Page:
6. It's still a feat of period filmmaking. More than that, Overlord's revivification of a wasteland Europe offers up a powerful whip lesson for the postwar complacent: that the waging of war, even this most romanticized of conflicts, means bringing a corpse-mountain hell to someone's home neighborhood.
  7. Sutton's Memphis framed in fascinating layers -- leaves and tree limbs, wig shops and overgrown gravel roads. It's a movie of a place and a character rather than about them.
    • 62 Metascore
    • 90 Critic Score
    Up to now, writer-director Neil Marshall has specialized in horror movies (Dog Soldiers, The Descent), but here, he imagines and communicates a remote world with terrific energy and a passion for detail.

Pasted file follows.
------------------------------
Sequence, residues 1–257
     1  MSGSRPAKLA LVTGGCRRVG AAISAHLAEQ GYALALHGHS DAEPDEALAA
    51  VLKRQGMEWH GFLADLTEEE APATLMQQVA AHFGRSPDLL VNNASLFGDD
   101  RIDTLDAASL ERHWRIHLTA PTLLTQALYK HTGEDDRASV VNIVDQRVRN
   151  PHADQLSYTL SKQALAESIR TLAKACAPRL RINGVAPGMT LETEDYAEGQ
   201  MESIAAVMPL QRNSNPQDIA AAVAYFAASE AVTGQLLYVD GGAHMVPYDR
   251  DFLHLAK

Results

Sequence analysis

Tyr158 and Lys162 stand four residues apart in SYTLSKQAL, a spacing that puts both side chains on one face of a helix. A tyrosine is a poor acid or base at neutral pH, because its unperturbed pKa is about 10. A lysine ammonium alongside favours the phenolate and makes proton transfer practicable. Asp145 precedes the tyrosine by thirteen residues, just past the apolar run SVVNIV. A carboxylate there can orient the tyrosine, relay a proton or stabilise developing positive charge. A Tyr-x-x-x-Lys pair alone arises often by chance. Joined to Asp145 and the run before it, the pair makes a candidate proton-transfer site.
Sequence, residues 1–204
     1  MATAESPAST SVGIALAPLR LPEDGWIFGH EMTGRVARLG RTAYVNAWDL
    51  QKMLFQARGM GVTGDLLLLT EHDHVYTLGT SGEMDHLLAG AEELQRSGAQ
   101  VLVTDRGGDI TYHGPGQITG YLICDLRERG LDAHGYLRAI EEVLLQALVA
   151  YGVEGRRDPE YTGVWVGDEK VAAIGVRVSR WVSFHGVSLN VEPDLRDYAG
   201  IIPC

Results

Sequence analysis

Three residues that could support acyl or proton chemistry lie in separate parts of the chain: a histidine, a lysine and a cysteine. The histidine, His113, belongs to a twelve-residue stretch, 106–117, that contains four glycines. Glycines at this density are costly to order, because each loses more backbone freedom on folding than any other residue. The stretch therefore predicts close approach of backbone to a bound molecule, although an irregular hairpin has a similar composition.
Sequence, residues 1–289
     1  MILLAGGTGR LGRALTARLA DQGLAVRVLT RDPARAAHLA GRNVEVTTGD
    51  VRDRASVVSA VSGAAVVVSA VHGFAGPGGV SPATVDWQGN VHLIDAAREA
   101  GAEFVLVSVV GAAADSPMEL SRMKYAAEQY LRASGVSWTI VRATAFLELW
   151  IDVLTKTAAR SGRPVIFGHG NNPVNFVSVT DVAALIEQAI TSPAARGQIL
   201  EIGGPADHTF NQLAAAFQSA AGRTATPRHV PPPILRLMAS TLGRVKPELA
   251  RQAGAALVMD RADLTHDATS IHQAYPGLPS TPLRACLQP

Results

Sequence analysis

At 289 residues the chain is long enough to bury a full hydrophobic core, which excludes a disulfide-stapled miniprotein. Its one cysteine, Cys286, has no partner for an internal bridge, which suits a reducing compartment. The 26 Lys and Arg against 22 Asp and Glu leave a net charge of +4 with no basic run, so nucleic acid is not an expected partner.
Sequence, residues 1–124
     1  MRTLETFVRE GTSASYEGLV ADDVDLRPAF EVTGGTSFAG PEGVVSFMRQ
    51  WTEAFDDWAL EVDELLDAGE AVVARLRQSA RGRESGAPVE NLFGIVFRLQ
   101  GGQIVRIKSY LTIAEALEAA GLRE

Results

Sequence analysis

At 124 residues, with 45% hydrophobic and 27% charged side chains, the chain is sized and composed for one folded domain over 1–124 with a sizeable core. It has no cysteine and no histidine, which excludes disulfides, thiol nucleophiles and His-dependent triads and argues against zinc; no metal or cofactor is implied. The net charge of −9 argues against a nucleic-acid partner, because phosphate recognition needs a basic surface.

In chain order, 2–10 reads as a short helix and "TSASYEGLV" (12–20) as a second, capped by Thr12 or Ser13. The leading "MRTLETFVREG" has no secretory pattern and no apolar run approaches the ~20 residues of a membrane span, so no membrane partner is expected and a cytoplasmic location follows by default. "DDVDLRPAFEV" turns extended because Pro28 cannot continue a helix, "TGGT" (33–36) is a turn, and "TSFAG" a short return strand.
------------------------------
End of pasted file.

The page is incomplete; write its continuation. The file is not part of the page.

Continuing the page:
8. Both the material and the setting seem to have shaken something loose in Witherspoon (who is also one of the movie's producers): She's moved further away from those uptight, humorless romantic-comedy cuties she played in the mid 2000s and more toward the breezy, blunt, self- determined characters of her early career.
  9. As bittersweet a brief encounter as any in American movies since Richard Linklater's equally romantic "Before Sunrise."
  10. Binoche and Auteuil are both quietly sensational in their fracturing personae, but the film is Haneke's premier postmodern assault--less visceral, perhaps, than "Code Unknown" and the criminally underappreciated "Time of the Wolf," but more thoughtful and, in the end, deeper in the afterplay.
  11. Diliberto has managed to make a political comedy that seems at once tremendously funny and intensely serious — a provocative, and perhaps even important, combination.